Anna adored the three-storey town house she bought with the proceeds from selling her mother's house. She'd fallen in love with the building as a child when it was the doctor's surgery – before they built the swanky new annex to St. Pity's hospital – so when it was listed for sale she snapped it up without a viewing, just one question of the estate agent: "Does it still have the original staircase and bannister?"
The roof had cost her several thousands she hadn't anticipated, necessitating a mortgage she'd hoped to avoid, but she borrowed thirty thousand against the value and cleared off her debts with plenty left over to refurbish the building to its former Edwardian glory.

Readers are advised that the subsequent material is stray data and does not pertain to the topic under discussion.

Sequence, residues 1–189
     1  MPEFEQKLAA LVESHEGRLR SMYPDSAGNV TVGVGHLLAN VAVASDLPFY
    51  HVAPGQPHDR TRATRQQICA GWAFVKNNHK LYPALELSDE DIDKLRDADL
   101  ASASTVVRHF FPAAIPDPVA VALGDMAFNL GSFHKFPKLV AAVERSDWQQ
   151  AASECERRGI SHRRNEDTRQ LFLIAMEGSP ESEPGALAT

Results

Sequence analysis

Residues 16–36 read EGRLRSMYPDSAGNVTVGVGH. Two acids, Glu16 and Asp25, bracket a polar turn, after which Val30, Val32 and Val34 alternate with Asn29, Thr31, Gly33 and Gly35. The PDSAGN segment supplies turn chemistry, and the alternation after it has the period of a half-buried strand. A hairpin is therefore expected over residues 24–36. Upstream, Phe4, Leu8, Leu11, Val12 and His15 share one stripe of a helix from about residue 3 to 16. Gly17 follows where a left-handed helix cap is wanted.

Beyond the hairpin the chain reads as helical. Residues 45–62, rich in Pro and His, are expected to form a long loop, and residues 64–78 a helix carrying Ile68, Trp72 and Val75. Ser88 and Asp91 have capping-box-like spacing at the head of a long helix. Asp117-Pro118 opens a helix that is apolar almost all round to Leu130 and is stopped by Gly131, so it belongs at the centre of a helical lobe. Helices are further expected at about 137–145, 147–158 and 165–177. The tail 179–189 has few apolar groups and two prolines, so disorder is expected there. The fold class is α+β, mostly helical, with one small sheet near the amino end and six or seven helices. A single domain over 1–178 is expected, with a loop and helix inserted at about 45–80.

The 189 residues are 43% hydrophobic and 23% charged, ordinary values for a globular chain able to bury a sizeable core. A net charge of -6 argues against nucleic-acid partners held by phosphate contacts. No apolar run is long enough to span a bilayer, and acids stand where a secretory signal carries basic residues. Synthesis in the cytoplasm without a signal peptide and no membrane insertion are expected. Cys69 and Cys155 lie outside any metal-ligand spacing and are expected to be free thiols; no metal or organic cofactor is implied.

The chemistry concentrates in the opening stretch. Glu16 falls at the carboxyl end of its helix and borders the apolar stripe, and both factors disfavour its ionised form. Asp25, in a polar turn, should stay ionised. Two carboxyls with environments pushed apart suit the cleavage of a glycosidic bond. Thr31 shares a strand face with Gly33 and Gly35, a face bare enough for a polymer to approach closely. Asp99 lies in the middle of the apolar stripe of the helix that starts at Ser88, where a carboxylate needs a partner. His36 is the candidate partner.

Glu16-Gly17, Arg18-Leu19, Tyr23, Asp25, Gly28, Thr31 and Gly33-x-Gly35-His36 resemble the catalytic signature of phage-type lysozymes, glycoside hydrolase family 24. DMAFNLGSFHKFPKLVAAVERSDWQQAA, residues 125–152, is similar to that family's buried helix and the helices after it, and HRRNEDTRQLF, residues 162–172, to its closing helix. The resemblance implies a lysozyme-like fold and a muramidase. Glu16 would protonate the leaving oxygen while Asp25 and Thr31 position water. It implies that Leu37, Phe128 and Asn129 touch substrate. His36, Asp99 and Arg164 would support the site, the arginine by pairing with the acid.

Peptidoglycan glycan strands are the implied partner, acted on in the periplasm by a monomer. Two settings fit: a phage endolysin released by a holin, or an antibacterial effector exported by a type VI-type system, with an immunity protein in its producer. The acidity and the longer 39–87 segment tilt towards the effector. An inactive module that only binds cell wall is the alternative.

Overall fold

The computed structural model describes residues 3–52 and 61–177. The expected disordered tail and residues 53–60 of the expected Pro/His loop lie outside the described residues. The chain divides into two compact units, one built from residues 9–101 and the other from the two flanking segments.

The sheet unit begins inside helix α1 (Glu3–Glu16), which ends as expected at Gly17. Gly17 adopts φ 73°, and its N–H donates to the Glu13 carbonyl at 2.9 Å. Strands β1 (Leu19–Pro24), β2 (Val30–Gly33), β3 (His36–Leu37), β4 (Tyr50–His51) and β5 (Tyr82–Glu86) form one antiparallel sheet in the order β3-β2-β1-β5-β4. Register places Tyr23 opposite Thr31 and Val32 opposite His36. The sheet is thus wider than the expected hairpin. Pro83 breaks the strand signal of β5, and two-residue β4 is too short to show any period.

It still had the original stained-glass windows and the woodwork was mostly authentic but for a couple of the doors. What she remembered most from her infrequent childhood visits, though, was the three storey, single span oak bannister without a single newel post from bottom to top. Whoever had built the house must have had a child's mind for it was possible – with a good deal of practice and utilising the thighs as a deft braking manoeuvre on the hairpin twists at each floor – to slide from the top of the house to the bottom in under ten seconds.
Anna loved it, and the one hundred and twelve steps from the front door to the top floor kept her fit.